Scientist, Educator & Speaker
Once upon a time, there was a pipeline problem for women advancing to the top of their fields because there were so few women at the entry level. That is not necessarily the case anymore. In many fields, there are plenty of talented and hardworking women at the foundational level, but still few women at the top of their profession. Why?
There is overwhelming evidence that the main obstacles to women taking leadership roles are: gender discrimination, negative work climates, and women lacking confidence to advance in their careers compared to their (over)confident male peers.
We will take a closer look at three very different areas where there are relatively few women who have made it to the top of their profession: Academic Medicine; CEOs of Fortune 500 Companies; Space Flight.
Academic Medicine. The typical career pipeline starts with getting a faculty position and advancing to becoming full professor, then chair of department, then on to the dean’s position. For women, there are large drop offs between the stages of assistant, associate, and full professors, with a further drop off between full professor and department chair (see Figure below, ref 1, used with permission). The right side of the graph shows where power and influence lies – with department chairs and deans – and women only represent 15% and 16% in those two groups, respectively. There is minimal gender disparity in the pipeline leading into academic medicine – but increasing disparity as women advance through the ranks.
There has been much discussion as to why there isn’t greater female representation at the top (full professors, department chairs, and deans). Interviews with female faculty indicate a high degree of explicit gender discrimination and sexual harassment. It was noted by Carr and coworkers (2) that, “Forty percent of respondents ranked gender discrimination first out of 11 possible choices for hindering their career in academic medicine.” And, “Respondents rated themselves as poorly prepared to deal with gender discrimination and noted effects on professional self-confidence, self-esteem, collegiality, isolation, and career satisfaction. The hierarchical structure in academe is perceived to work against women, as there are few women at the top. Women faculty who have experienced gender discrimination perceive that little can be done to directly address this issue. Institutions need to be proactive and recurrently evaluate the gender climate, as well as provide transparent information and fair scrutiny of promotion and salary decisions.” Further, Pololi and coworkers (3) write that the key finding from their survey study “… is that male and female faculty have equal feelings of being engaged and enthusiastic about their work and have equal leadership aspirations, yet women faculty do not feel as confident about career advancement as men, do not feel equally included in the environment of academia, and their personal values are more likely to be at odds with institutional values.”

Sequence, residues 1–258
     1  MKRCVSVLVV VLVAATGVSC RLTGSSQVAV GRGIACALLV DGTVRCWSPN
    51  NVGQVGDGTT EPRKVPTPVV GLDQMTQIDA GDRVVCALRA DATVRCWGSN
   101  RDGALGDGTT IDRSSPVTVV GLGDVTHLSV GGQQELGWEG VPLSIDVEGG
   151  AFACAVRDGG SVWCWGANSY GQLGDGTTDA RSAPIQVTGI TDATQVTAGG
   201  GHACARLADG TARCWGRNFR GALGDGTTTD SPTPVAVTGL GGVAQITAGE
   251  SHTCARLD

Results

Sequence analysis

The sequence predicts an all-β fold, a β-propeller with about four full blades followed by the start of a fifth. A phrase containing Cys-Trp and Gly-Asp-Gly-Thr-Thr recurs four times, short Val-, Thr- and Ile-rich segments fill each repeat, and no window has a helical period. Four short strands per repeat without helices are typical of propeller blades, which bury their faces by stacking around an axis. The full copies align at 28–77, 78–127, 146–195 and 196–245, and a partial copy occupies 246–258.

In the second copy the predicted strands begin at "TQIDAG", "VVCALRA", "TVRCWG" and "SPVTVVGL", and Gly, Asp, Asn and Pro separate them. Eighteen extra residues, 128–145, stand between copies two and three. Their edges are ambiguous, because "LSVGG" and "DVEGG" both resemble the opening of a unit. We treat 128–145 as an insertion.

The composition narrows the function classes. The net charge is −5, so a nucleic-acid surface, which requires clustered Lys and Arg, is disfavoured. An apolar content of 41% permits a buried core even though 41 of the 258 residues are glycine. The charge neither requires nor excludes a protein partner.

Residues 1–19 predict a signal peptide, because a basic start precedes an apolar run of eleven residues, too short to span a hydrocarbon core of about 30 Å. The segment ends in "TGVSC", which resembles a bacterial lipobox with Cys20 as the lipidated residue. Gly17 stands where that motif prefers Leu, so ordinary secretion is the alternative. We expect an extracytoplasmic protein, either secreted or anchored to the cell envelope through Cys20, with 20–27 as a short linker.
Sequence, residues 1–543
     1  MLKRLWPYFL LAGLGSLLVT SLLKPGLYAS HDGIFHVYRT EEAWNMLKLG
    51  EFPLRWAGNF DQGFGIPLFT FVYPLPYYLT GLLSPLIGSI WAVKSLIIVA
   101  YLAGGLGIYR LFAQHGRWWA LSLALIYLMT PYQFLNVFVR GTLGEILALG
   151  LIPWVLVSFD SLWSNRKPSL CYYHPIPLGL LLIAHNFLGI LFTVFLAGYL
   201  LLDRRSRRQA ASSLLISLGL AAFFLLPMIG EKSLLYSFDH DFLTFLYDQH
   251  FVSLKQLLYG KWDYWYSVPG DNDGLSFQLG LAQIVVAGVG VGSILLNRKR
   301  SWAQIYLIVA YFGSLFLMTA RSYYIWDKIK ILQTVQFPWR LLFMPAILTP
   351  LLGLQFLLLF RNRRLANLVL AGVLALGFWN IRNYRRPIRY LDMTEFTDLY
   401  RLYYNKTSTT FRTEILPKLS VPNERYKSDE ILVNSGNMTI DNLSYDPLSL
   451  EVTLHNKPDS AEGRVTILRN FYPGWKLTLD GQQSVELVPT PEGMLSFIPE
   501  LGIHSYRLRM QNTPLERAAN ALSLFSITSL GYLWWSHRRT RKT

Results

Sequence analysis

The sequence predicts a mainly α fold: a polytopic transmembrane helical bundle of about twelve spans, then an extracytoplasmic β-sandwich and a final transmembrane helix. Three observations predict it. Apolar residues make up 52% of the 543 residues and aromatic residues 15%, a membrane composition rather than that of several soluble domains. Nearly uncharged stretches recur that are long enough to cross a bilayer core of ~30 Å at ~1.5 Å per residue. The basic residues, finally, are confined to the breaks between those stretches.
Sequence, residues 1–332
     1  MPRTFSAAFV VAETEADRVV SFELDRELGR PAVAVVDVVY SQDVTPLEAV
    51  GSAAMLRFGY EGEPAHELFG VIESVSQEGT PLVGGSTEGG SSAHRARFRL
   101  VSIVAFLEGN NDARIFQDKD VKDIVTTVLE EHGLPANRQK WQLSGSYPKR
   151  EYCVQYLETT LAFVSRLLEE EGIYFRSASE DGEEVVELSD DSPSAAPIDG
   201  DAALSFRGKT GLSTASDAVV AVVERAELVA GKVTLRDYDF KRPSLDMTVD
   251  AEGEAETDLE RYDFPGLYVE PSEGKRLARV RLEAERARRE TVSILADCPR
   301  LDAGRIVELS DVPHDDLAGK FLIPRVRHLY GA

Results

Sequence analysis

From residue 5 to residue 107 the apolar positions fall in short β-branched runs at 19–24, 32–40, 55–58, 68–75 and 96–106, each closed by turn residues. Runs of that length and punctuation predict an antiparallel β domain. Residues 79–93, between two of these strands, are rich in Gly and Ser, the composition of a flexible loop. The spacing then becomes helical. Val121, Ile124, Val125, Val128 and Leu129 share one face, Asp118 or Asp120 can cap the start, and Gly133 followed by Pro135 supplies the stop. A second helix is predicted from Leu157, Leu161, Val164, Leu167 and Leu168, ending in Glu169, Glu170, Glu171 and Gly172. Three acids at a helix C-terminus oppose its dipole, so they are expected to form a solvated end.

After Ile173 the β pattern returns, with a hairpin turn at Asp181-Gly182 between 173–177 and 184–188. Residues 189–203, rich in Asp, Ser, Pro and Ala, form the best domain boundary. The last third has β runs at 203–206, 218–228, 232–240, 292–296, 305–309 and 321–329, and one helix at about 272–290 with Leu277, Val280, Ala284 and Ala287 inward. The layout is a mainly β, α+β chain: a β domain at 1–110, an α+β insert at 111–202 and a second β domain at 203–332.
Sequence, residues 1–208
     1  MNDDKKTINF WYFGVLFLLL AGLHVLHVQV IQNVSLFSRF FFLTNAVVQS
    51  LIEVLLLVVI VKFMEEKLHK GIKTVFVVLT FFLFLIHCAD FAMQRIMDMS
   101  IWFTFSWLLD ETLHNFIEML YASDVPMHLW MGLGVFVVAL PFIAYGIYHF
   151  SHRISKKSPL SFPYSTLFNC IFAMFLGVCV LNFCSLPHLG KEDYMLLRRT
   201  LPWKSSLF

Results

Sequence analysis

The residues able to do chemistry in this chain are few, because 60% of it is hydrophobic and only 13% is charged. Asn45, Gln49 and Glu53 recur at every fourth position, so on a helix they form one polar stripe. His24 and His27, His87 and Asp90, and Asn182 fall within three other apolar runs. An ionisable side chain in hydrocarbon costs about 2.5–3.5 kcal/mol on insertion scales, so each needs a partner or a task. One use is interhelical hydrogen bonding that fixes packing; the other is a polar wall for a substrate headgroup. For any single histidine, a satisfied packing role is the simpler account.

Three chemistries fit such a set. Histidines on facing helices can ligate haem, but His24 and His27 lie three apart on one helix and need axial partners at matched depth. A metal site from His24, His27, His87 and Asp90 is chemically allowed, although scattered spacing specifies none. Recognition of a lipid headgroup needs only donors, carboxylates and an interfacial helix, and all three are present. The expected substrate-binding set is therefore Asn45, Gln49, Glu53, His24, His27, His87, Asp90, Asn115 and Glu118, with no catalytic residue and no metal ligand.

CEOs of Fortune 500 Companies. The Fortune 500 is an annual list of the 500 largest companies using the most recent revenue figures and includes public and private companies. As of October 2015, women hold just 23 (4.4%) of CEO positions at Fortune 500 companies. See table below (4):
|CEO||Company||2015 Fortune 500 ranking|
|Mary Barra||General Motors||6|
|Indra K. Nooyi||PepsiCo, Inc.||44|
|Marillyn Hewson||Lockheed Martin||64|
|Safra A. Catz||Oracle||81|
|Irene B. Rosenfeld||Mondelēz International||91|
|Phebe Novakovic||General Dynamics||100|
|Carol Meyrowitz||The TJX Companies, Inc.||103|
|Lynn Good||Duke Energy||116|
|S. Tricia Griffith||Progressive||137|
|Ursula M. Burns||Xerox Corporation||143|
|Deanna M. Mulligan||Guardian Life Insurance Company of America||254|
|Barbara Rentler||Ross Stores||269|
|Debra L. Reed||Sempra Energy||270|
|Kimberly Lubel||CST Brands||277|
|Sheri S. McCoy||Avon Products Inc.||322|
|Susan M. Cameron||Reynolds American||337|
|Denise M. Morrison||Campbell Soup||342|
|Kathleen Mazzarella||Graybar Electric||445|
|Lisa Su||Advanced Micro Devices||473|
|Jacqueline C. Hinman||CH2M Hill||480|
Sarah Dillard and Vanessa Lipschitz write in the Harvard Business Review (5) that, “Most women running Fortune 500 companies did not immediately hop on a “competitive business track,” as advised by top business schools. “The consistent theme in the data is that steady focus wins the day. The median long stint for these women CEOs is 23 years spent at a single company in one stretch before becoming the CEO. To understand whether this was the norm, we pulled a random sample of their male Fortune 500 CEO counterparts. For the men in the sample, the median long stint is 15 years. This means that for women, the long climb is over 50% longer than for their male peers. Moreover, 71% of the female CEOs were promoted as long-term insiders versus only 48% of the male CEOs. This doesn’t leave a lot of time for hopscotch early in women’s careers.”